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Seed Starting: Peas


Starting peas early in the year is not something most people think about – but did you know you can plant peas as early as January 6 in Indiana, USDA Hardiness Zone 5 and 6? While I didn’t get out into the garden or hoop house to plant my pea seeds this year because of the blizzard, I have done it plenty of times in the past. Sometimes the pea seeds I plant later in the year germinate faster, however the ones I plant this early come up stronger – and the difference in germination times is two to three days.

So what’s the point of going out in the cold weather and planting pea seeds if they don’t germinate earlier? Well there are several advantages. The first one is you have one more crop planted and ready to go come spring. This has made a huge difference here because during the early spring months it gives me more time in the greenhouse and barn to deal with seedlings and baby animals. As I said, the plants are actually stronger – something that I hadn’t expected but saw with my own eyes. Another advantage is you don’t have to worry about how wet your garden is come spring – and we all know you shouldn’t work wet soil.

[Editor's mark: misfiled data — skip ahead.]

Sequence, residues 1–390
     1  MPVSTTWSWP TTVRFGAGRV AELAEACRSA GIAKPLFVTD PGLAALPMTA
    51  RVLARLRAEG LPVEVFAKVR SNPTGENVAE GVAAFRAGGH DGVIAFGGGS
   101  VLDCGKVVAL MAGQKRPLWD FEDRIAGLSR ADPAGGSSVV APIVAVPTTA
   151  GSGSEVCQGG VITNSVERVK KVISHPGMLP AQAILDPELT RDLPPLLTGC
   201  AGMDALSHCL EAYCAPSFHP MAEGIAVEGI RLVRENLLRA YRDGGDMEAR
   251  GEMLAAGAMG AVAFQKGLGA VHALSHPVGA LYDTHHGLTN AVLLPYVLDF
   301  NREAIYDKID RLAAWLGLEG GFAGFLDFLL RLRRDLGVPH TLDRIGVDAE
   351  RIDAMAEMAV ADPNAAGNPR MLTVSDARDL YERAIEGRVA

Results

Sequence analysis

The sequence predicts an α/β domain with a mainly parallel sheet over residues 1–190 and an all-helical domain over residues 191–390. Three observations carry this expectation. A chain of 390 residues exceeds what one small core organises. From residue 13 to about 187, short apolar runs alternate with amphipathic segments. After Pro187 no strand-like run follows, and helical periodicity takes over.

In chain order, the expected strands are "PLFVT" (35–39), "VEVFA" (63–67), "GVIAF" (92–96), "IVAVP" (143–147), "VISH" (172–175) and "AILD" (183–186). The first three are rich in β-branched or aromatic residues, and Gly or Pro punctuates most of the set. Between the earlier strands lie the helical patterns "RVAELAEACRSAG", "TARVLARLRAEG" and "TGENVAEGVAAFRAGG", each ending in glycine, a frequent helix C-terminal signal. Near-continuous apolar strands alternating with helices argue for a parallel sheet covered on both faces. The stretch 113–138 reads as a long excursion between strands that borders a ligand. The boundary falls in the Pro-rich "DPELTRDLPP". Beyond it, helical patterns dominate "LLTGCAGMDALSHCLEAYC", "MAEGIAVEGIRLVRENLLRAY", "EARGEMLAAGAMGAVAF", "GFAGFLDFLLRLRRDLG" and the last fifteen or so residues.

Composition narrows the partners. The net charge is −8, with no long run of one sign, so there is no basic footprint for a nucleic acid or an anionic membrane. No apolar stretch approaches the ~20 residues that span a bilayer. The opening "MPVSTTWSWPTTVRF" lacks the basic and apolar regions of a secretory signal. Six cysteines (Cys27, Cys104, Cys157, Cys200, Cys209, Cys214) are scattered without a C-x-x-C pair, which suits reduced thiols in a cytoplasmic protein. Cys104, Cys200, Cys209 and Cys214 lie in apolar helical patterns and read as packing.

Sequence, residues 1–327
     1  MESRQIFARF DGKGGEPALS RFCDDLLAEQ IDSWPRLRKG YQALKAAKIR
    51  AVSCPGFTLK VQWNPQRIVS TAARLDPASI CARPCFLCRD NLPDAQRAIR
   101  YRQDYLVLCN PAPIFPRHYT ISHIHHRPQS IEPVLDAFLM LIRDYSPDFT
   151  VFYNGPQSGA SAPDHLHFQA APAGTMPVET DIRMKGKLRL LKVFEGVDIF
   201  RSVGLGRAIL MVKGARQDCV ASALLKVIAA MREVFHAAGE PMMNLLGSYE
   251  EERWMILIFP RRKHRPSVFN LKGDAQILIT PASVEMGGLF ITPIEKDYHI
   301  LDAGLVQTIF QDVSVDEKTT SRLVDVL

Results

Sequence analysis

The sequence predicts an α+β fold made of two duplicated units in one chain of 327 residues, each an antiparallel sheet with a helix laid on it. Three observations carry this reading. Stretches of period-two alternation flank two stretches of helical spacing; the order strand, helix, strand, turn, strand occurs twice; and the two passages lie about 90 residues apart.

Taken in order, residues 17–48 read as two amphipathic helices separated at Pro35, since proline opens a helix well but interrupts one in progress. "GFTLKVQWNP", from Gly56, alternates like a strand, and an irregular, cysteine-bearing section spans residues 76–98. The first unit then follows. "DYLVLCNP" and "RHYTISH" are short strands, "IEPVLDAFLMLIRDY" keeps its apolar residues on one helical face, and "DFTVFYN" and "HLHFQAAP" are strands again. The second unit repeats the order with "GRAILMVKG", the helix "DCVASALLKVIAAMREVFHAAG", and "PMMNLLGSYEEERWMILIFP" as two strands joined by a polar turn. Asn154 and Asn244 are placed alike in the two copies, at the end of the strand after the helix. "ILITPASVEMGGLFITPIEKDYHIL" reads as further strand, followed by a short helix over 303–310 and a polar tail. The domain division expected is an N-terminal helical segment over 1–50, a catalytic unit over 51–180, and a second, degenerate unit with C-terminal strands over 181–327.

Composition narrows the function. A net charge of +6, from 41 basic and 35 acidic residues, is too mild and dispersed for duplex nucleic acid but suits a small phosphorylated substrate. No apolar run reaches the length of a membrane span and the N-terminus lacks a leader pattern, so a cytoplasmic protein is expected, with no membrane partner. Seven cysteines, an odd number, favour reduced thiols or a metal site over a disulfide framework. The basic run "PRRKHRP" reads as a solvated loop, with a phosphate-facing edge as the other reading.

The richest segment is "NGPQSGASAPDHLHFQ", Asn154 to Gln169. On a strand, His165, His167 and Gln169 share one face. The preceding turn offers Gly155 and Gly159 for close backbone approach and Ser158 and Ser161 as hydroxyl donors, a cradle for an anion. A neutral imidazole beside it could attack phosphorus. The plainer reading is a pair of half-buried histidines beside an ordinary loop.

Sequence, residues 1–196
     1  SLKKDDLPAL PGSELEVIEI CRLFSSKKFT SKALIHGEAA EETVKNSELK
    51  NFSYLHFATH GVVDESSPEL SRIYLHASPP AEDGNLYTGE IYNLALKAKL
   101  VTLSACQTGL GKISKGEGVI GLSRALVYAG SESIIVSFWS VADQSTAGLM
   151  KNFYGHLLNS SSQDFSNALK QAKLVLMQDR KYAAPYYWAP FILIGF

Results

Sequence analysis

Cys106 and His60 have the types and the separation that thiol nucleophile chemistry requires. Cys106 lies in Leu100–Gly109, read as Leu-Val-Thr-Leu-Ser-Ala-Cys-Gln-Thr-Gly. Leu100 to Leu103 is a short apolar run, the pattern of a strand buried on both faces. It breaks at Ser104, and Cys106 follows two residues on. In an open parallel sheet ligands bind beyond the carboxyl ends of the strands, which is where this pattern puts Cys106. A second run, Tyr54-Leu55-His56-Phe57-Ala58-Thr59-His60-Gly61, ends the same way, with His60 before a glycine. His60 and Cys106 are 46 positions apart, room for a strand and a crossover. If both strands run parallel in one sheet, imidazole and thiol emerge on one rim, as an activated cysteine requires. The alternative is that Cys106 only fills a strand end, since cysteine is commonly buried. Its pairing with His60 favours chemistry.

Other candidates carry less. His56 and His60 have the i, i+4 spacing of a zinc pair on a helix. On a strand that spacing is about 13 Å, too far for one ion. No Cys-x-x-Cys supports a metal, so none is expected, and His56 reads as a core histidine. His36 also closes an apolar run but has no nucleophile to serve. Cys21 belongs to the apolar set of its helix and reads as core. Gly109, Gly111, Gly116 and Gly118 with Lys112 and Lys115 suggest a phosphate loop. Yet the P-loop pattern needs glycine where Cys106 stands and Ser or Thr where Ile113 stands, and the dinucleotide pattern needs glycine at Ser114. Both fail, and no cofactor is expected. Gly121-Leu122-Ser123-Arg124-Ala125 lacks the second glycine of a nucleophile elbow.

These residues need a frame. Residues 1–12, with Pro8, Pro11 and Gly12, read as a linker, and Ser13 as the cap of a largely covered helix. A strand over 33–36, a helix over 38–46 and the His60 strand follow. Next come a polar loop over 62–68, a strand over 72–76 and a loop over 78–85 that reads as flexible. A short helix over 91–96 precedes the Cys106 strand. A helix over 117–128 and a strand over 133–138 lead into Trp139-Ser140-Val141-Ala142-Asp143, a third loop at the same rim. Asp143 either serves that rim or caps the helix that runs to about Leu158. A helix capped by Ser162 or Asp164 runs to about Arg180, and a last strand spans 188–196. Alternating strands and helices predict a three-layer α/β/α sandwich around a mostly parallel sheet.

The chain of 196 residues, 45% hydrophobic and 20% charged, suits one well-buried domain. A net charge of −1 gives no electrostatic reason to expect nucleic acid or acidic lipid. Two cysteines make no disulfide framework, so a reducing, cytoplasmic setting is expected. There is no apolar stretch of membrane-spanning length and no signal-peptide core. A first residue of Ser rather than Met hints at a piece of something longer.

Here is a little bit of basic information on seed starting. First, most pea seeds germinate in 7 to 14 days – the exception being the ones you plant before the ground begins to warm up. It is best to direct sow pea seeds in the garden and I do cover my pea seeds with row cover or plant them inside a tomato cage. This helps prevent critters from digging them up and they climb on the tomato cages once they begin to grow making harvesting easier. An alternative to tomato cages is garden netting. Sow pea seeds 1 to 1 1/2 inches deep. A good rule of thumb is to make the planting hole twice the depth of the actual seed. As you can see from the photo above, pea seeds come in different colors and sizes. This is why knowing how deep to plant each seed is important. Planting seeds too deep affects germination. The seeds in the photo above are ones I saved from my own garden.